The Arabs' Annual Retreat

It was Arabia's custom at the time for the pious and thoughtful to devote a period of each year to a retreat of worship, asceticism, and prayer. They would seek an empty place far away from their people where they could concentrate on their prayers and genuinely seek a new level of seriousness, wisdom, and ethical goodness through meditation. This practice was called tahannuth or tahannuf. Therein Muhammad found the best means of satisfying his will to thinking and meditating. In its solitude he could find a measure of spiritual detachment and peace that would enable his consciousness to screen the whole universe for inspiration and to pursue his thought where it might lead. At the head of Mount Hira', two miles north of Makkah, Muhammad discovered a cave whose perfect silence and total separation from Makkah made of it a perfect place for retreat. In that cave Muhammad used to spend the whole month of Ramadan. He would satisfy himself with the least provisions, carried to him from time to time by a servant, while devoting himself uninterruptedly to his spiritual pursuits in peace, solitude and tranquility. His devotion often caused him to forget himself, to forget his food, and, indeed, to forget the whole world around him. At these moments the very world and existence must have appeared to him like a dream. Through his mind he would turn the pages of all that he had heard and learned, and his search could only whet his appetite for the truth.


Groping after Truth

Muhammad did not hope to find the truth he sought in the narratives of the rabbis or the scriptures of the monks but in the very world surrounding him, in the sky and its stars, moon, and sun, and in the desert with its burning air under the brilliant sun-its impeccable purity enclosed by the light of the moon or that of the stars in the balmy night, in the sea with its countless waves, and in all that which underlies this existence and constitutes its unity of being. It was in the world that Muhammad sought to discover the supreme truth. He sought to unite his soul to it, to penetrate it, and to grasp the secret of its being. He did not take much thought to realize that his peoples' understanding of the nature of this world, of their religiosity and devotion, was all false. Their idols were mere stones-speechless, thoughtless, and powerless. Hubal, al Lat, and al `Uzza, as well as every one of these idols and statues inside or around the Ka'bah, had never created even so much as a fly and never did Makkah any good. Where was to be found the truth in this vast universe of infinite skies and stars? Is it in the brilliant stars which give men their light and warmth and sends them rain ? Is it in their water, the light and warmth as sources of life to all mankind throughout the world? No! For all these are creatures like the earth itself. Is the truth then behind the sky and their stars, in the boundless space beyond? But what is space? And what is this life which is today and is gone tomorrow? What is its origin and source? Is this world and our presence therein all a mere accident? The world and its life have, however, immutable laws which cannot be the product of circumstances. Men do good and they do evil. But do they do it willingly and deliberately, or is their action a mere instinct which they are powerless to control? It was of such spiritual and psychological problems that Muhammad thought during his solitary retreat in the cave of Hira', and it was in the totality of spirit and life that he sought to discover the truth. His ideas filled his soul, his heart, his consciousness, indeed all his being. This paramount occupation diverted him from the commonplace problems of everyday. When at the end of Ramadan, Muhammad returned to Khadijah, his perturbed thoughts showed on his face and caused Khadijah to inquire whether he was well.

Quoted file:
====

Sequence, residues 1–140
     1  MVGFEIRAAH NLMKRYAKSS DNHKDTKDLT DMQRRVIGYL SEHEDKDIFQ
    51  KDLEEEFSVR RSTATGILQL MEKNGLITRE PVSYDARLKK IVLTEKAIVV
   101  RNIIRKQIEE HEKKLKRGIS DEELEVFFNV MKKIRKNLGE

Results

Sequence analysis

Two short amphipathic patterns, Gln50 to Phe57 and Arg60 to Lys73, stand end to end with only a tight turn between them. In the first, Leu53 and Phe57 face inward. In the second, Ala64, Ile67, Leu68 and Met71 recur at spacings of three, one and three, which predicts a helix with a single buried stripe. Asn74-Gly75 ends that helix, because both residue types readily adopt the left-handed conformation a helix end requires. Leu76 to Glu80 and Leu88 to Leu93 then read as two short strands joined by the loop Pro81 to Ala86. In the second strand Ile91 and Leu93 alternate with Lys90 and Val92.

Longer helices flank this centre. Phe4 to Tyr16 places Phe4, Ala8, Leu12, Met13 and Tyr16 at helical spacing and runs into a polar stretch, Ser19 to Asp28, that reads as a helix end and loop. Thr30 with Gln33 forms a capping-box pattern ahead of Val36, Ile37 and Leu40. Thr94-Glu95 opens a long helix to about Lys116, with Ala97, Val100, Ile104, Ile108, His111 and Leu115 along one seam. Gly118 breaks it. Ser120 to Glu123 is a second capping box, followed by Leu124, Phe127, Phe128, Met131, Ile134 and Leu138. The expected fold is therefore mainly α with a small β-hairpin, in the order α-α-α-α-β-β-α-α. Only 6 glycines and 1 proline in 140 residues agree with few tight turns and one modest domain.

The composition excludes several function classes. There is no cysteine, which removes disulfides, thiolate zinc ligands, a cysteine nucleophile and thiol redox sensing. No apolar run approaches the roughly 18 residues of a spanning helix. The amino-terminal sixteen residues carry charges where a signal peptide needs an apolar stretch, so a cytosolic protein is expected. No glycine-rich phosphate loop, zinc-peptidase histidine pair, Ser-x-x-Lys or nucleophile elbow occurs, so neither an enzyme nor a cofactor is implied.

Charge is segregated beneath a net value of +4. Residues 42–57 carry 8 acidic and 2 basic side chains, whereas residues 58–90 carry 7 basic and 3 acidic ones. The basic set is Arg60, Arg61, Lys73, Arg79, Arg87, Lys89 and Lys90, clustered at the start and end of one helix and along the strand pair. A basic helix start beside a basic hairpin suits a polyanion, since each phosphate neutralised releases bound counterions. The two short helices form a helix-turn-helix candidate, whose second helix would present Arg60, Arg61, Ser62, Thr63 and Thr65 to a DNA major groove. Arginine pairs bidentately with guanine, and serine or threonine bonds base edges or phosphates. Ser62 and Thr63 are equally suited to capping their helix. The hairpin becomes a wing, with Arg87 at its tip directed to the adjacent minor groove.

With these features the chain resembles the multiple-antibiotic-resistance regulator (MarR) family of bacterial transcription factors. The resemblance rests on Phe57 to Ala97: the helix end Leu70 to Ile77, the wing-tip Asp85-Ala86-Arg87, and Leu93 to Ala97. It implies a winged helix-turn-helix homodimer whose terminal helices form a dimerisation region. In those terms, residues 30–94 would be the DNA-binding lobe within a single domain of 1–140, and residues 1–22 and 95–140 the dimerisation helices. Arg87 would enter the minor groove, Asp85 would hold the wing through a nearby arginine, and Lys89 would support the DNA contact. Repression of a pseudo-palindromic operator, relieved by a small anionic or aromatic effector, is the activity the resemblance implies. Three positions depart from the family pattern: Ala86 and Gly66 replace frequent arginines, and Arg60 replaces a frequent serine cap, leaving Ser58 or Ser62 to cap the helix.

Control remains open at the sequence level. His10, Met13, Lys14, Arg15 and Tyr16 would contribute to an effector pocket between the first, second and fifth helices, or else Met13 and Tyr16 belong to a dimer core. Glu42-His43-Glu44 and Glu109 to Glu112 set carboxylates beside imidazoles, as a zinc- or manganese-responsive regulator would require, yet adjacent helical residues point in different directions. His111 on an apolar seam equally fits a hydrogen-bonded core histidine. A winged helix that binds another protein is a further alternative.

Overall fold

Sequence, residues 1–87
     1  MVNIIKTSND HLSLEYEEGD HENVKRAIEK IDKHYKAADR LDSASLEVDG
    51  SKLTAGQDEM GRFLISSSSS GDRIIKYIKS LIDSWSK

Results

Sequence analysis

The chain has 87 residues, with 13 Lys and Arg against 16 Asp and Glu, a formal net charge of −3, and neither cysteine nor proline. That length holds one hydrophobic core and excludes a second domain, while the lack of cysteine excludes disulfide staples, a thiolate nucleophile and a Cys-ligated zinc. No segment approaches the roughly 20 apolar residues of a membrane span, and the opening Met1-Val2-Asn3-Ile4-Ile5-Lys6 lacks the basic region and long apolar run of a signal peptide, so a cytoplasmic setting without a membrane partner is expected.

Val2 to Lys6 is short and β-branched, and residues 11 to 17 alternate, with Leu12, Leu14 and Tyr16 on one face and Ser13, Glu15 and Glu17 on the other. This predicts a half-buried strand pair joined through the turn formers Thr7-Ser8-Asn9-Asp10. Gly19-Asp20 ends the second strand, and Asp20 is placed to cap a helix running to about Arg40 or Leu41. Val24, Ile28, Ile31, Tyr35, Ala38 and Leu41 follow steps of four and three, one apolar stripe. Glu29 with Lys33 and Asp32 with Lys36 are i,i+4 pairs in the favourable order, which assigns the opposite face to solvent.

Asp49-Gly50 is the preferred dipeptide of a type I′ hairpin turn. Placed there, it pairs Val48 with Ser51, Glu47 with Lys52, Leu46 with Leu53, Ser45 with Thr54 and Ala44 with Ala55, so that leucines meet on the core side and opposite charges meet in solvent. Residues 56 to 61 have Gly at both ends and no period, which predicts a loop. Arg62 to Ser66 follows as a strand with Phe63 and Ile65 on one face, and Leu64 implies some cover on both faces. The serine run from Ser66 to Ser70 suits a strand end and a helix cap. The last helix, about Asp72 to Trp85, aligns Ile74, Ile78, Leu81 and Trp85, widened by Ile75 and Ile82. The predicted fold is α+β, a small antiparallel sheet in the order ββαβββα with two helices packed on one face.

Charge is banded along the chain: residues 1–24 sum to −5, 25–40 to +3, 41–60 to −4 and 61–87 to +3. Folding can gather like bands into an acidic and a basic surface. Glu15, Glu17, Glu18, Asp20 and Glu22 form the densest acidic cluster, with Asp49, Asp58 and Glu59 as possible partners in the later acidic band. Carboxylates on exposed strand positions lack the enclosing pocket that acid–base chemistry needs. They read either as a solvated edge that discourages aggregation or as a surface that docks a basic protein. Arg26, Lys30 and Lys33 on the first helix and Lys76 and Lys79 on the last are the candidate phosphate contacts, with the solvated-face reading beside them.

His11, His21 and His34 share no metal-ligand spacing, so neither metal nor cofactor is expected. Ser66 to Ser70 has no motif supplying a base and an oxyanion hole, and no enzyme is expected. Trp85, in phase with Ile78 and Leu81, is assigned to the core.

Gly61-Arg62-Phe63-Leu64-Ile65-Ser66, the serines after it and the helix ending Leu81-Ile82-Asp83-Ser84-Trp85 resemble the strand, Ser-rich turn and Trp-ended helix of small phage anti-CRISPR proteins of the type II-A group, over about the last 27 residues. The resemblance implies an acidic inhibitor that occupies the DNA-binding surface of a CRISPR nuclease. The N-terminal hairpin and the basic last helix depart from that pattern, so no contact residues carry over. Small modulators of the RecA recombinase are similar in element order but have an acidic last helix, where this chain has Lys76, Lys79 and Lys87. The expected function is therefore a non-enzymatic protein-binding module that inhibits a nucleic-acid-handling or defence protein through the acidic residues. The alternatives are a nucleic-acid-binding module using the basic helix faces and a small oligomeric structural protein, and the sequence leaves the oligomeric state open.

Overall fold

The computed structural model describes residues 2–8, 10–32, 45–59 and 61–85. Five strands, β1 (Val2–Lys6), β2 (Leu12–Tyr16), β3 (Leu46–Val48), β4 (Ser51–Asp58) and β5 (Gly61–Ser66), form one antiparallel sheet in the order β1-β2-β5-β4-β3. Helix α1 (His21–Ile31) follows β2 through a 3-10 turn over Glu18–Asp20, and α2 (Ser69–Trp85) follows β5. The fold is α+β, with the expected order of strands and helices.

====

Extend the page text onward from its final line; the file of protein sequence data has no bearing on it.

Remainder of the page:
In his devotions during that retreat, did Muhammad follow any one of the known religious schools? That is a question on which scholars disagree. In his Al Kamil fi al Tarikh, ibn Kathir reported some of the current views in answer to this question. Some claimed that Muhammad followed the law of Noah; others, the law of Ibrahim; others, the law of Moses; others the law of Jesus. Others claimed that Muhammad had followed every known law and observed it. Perhaps this last claim is nearer to the truth than the others, for it agrees with what we know of Muhammad's constant search for answers and for ways to the truth.